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Schools For Thee, Not For Me

The Charter School Industry spends millions trying to influence LAUSD School Board elections but fails in areas saturated with its schools.

By Carl J. PetersenPublished about a month ago 3 min read

billionaires…do not have to bother with how bad [charter] schools might be since THEY can send their kids wherever IN THE WORLD they want to send them for their schooling.

– Barbara Garcia

When LAUSD Board Member Nick Melvoin looked past the educational failures and dire financial situation of Prepa Tec Charter School to vote for its renewal, he subjected children outside of his own Board District to mediocrity. The same could be said when he defended the lax oversight of Community Preparatory Academy as its Executive Director defrauded taxpayers of $3.1 million over a five-year period. When he chose to appear at a press conference in the defense of Citizens of the World's failure to protect its students from anti-Semitism he was also traveling outside the boundaries of Board District 4.

Unsurprisingly, a politician elected with $8,789,273.72 worth of support from the Charter School Industry is willing to do everything possible to ensure that these publicly funded private schools escape accountability. What is less clear is why there are so few of these schools in his own Board District. Of the 222 independent charter schools authorized by the Los Angeles Unified School District (LAUSD) only 13.25* (or 5.97%) are located within Melvoin’s BD4. This is the least amount in the entire District.

Taken as a whole, the three Board Districts that have elected representatives beholden to the charter school industry contain only 29.17% of these schools. This gives them three of the four areas with the least number of charters. Kelly Gonez’s Board District 6 has the third least with 25.5 (11.49%). With 26, Tanya Ortiz Franklin’s BD7 is the middle having 11.71% of the charter schools.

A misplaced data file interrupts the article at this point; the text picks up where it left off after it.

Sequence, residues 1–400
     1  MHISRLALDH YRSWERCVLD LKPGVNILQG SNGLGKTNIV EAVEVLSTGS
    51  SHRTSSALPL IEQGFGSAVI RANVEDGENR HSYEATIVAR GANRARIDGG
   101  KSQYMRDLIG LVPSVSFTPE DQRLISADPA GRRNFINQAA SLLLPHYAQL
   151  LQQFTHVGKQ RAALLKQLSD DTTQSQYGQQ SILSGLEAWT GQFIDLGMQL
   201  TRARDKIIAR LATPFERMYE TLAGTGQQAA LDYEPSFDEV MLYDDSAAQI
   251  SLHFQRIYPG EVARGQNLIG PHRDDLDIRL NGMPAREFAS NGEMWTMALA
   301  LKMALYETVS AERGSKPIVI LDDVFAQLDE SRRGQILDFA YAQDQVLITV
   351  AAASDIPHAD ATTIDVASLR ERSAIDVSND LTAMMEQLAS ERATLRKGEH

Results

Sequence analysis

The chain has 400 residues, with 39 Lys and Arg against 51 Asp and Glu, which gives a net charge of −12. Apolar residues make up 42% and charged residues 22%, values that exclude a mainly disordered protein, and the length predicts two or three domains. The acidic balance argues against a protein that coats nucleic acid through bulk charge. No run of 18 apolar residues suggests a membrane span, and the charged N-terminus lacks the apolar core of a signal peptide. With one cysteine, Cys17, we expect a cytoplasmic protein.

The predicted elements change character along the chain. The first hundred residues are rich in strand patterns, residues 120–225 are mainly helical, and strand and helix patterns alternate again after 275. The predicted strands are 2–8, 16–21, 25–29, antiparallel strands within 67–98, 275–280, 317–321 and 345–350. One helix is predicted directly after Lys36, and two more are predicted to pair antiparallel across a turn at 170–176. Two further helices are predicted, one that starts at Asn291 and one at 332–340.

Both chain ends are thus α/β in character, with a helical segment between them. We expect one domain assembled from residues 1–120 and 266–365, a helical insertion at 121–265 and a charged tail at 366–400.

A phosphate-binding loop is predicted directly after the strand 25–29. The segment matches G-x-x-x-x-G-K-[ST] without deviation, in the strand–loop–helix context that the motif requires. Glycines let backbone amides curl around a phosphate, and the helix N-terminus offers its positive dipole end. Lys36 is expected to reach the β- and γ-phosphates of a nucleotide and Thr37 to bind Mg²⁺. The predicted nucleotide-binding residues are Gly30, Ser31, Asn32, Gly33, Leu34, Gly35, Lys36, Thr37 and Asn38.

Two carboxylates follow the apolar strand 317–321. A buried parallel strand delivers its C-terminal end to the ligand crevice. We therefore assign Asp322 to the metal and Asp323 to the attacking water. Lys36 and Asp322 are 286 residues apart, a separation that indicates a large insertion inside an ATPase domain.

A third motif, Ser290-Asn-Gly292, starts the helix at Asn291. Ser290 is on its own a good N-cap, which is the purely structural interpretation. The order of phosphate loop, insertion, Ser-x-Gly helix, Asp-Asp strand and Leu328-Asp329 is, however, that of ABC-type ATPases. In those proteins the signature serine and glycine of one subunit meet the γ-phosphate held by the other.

After BD7 the number of schools per district increases dramatically. The area represented by Dr. George McKenna, BD1, has 41.25 charter schools, or 18.58% of the total. There are 47.25 (21.28%) in Jackie Goldberg’s BD5. The area most saturated with charter schools is BD2 with 49.25 or 22.18% of the total. Represented by Dr. Rocio Rivas, BD2 has over 3.7 times the number of these publicly funded private schools than Melvoin’s Board District.

The exception to the rule is Scott Schmerelson's BD3. Schmerelson is consistently opposed by the Charter School Industry, including the $870,079.99 spent against him in the just concluded primary. Still, his Board District only has 19.5 charter schools or just 8.78% of the total. Only Melvoin's district has fewer.

While BD3 has fewer charter schools, the number of students enrolled in these schools is elevated because the top three enrolled charters, Granada Hills Charter, El Camino Real Charter High, and Birmingham Community Charter High are all located in this Board District. Together, these schools have 12,288 students, accounting for 11.2% of the 109,747 students enrolled in charters.

The fact that Board Districts represented by the Charter School Industry are less likely to have charter schools poses many questions including:

Do more parents having experience with charter schools contribute to an understanding that these publicly funded private schools are not the panacea they are claimed to be?

Does an increased number of these schools make more voters realize the harm that their existence causes to students enrolled in public schools?

Do supporters of charter schools think the problems they perceive with public schools only exist in other neighborhoods?

Understanding the answers to these questions is key to developing successful election strategies as those supporting public education fight to maintain their slim majority on the LAUSD School Board. The future of public education in Los Angeles depends on getting it right.

* Fractional numbers are caused by four charter schools having campuses that are divided between multiple Board Districts.


Carl Petersen is a parent advocate for public education, particularly for students with special education needs, who serves as the Education Chair for the Northridge East Neighborhood Council. As a Green Party candidate in LAUSD’s District 2 School Board race, he was endorsed by Network for Public Education (NPE) Action. Dr. Diane Ravitch has called him “a valiant fighter for public schools in Los Angeles.” For links to his blogs, please visit Opinions are his own.


About the Creator

Carl J. Petersen

Carl Petersen is a parent advocate for students with SpEd needs and public education. As a Green Party candidate in LAUSD’s District 2 School Board race, he was endorsed by Network for Public Education (NPE) Action. Opinions are his own.

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